In or about 1735, when Fielding was twenty-eight, we find him in a new, a more brilliant and agreeable, but even a more transient phase. He had married (we do not know when or where) Miss Charlotte Cradock, one of three sisters who lived at Salisbury (it is to be observed that Fielding's entire connections, both in life and letters, are with the Western Counties and London), who were certainly of competent means, and for whose alleged illegitimacy there is no evidence but an unsupported fling of that old maid of genius, Richardson. The descriptions both of Sophia and of Amelia are said to have been taken from this lady; her good looks and her amiability are as well established as anything of the kind can be in the absence of photographs and affidavits; and it is certain that her husband was passionately attached to her, during their too short married life. His method, however, of showing his affection smacked in some ways too much of the foibles which he has attributed to Captain Booth, and of those which we must suspect Mr Thomas Jones would also have exhibited, if he had not been adopted as Mr Allworthy's heir, and had not had Mr Western's fortune to share and look forward to. It is true that grave breaches have been made by recent criticism in the very picturesque and circumstantial story told on the subject by Murphy, the first of Fielding's biographers. This legend was that Fielding, having succeeded by the death of his mother to a small estate at East Stour, worth about L200 a year, and having received L1500 in ready money as his wife's fortune, got through the whole in three years by keeping open house, with a large retinue in "costly yellow liveries," and so forth. In details, this story has been simply riddled. His mother had died long before; he was certainly not away from London three years, or anything like it; and so forth. At the same time, the best and soberest judges agree that there is an intrinsic probability, a consensus (if a vague one) of tradition, and a chain of almost unmistakably personal references in the novels, which plead for a certain amount of truth, at the bottom of a much embellished legend. At any rate, if Fielding established himself in the country, it was not long before he returned to town; for early in 1736 we find him back again, and not merely a playwright, but lessee of the "Little Theatre" in the Haymarket. The plays which he produced here—satirico-political pieces, such as Pasquin and the Historical Register—were popular enough, but offended the Government; and in 1737 a new bill regulating theatrical performances, and instituting the Lord Chamberlain's control, was passed. This measure put an end directly to the "Great Mogul's Company," as Fielding had called his troop, and indirectly to its manager's career as a playwright. He did indeed write a few pieces in future years, but they were of the smallest importance.

After this check he turned at last to a serious profession, entered himself of the Middle Temple in November of the same year, and was called three years later; but during these years, and indeed for some time afterwards, our information about him is still of the vaguest character. Nobody doubts that he had a large share in the Champion, an essay-periodical on the usual eighteenth-century model, which began to appear in 1739, and which is still occasionally consulted for the work that is certainly or probably his. He went the Western Circuit, and attended the Wiltshire Sessions, after he was called, giving up his contributions to periodicals soon after that event. But he soon returned to literature proper, or rather made his debut in it, with the immortal book now republished. The History of the Adventures of Joseph Andrews, and his Friend Mr Abraham Adams, appeared in February 1742, and its author received from Andrew Millar, the publisher, the sum of L183, 11s. Even greater works have fetched much smaller sums; but it will be admitted that Joseph Andrews was not dear.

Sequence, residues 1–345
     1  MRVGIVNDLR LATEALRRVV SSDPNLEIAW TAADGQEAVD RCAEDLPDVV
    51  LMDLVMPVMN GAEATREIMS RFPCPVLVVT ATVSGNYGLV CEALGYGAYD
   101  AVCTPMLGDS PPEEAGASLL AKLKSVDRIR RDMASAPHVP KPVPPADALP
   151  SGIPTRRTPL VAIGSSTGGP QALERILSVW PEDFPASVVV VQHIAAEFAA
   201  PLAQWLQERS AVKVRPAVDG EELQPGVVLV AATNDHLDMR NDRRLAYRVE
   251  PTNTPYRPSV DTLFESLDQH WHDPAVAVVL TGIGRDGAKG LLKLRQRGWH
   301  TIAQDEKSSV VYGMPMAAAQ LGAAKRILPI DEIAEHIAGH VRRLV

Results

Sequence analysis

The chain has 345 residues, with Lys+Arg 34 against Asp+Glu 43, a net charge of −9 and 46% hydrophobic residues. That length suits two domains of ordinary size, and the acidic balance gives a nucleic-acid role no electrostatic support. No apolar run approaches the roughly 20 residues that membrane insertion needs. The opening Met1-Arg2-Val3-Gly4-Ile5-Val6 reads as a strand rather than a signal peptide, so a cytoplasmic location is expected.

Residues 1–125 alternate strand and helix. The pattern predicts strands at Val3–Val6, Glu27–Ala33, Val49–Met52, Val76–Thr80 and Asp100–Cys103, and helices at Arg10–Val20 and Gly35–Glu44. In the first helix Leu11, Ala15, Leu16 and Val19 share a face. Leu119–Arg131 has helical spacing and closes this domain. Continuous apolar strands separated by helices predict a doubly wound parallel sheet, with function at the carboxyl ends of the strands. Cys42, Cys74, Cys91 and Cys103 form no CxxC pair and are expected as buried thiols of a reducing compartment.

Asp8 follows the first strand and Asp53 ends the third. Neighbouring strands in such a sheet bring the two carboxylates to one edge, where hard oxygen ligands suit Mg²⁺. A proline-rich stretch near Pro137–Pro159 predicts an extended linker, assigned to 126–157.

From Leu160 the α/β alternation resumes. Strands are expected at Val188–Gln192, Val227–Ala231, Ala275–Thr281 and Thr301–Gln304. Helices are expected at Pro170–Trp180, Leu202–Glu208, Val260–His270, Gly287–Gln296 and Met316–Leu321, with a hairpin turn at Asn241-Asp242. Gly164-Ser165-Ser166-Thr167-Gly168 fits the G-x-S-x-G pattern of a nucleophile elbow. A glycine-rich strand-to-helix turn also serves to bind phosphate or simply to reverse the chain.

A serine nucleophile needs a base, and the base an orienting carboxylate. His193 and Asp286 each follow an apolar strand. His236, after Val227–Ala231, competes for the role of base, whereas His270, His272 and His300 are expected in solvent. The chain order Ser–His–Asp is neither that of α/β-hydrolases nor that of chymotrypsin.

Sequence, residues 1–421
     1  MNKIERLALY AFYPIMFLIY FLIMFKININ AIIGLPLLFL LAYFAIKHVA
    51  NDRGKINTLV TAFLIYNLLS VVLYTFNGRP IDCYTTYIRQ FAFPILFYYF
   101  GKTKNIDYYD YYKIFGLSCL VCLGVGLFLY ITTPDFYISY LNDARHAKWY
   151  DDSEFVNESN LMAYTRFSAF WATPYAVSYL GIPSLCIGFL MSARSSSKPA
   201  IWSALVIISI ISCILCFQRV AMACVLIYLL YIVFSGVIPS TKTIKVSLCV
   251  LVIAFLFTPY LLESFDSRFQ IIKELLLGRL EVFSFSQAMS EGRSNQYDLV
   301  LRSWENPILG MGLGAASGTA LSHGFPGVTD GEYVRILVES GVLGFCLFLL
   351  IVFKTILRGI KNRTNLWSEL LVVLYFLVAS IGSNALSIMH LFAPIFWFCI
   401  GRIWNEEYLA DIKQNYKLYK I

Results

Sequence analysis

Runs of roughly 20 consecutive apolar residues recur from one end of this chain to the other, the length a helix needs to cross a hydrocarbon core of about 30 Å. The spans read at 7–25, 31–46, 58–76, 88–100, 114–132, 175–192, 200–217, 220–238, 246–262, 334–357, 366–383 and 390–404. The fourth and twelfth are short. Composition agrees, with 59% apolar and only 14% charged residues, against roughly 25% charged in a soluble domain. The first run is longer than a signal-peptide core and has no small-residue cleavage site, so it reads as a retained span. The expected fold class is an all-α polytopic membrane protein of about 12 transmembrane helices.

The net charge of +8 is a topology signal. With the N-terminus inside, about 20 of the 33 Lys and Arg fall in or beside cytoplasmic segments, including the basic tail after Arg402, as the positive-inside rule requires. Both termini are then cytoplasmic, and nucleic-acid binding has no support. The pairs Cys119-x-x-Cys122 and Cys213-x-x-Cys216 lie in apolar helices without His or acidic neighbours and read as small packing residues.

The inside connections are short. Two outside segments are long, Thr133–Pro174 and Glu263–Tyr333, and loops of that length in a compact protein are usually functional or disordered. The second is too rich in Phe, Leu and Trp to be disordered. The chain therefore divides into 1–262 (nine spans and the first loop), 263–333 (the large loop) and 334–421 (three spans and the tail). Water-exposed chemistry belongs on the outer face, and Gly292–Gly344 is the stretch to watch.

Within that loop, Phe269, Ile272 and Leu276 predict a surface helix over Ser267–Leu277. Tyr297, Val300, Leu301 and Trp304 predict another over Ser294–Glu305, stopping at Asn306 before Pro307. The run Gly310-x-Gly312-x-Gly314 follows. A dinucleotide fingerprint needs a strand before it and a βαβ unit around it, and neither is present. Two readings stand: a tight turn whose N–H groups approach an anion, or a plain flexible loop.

The advantage, however, of presenting a survey of an author's life uninterrupted by criticism is so clear, that what has to be said about Joseph may be conveniently postponed for the moment. Immediately after its publication the author fell back upon miscellaneous writing, and in the next year (1743) collected and issued three volumes of Miscellanies. In the two first volumes the only thing of much interest is the unfinished and unequal, but in part powerful, Journey from this World to the Next, an attempt of a kind which Fontenelle and others, following Lucian, had made very popular with the time. But the third volume of the Miscellanies deserved a less modest and gregarious appearance, for it contained, and is wholly occupied by, the wonderful and terrible satire of Jonathan Wild, the greatest piece of pure irony in English out of Swift. Soon after the publication of the book, a great calamity came on Fielding. His wife had been very ill when he wrote the preface; soon afterwards she was dead. They had taken the chance, had made the choice, that the more prudent and less wise student-hero and heroine of Mr Browning's Youth and Art had shunned; they had no doubt "sighed deep, laughed free, Starved, feasted, despaired," and we need not question, that they had also "been happy."